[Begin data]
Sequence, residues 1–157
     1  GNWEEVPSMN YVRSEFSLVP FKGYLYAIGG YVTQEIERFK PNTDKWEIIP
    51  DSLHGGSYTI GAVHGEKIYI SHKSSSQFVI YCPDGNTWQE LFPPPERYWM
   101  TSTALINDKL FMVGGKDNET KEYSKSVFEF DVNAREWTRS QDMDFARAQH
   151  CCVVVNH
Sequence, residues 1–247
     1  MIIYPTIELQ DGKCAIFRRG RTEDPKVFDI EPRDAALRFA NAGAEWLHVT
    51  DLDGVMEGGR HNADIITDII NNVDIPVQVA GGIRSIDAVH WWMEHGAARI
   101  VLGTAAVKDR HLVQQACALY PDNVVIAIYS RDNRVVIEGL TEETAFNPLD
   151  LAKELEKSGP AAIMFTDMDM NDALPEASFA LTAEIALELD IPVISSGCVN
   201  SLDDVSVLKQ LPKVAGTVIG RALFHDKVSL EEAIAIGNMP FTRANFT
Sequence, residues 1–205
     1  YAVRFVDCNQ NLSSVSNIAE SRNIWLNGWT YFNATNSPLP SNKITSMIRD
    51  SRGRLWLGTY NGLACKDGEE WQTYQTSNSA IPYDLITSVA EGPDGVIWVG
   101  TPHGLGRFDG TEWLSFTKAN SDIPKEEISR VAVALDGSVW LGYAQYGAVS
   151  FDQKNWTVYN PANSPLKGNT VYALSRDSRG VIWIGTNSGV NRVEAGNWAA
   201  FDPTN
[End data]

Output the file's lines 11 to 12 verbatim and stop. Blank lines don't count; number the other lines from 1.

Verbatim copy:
   201  SLDDVSVLKQ LPKVAGTVIG RALFHDKVSL EEAIAIGNMP FTRANFT
Sequence, residues 1–205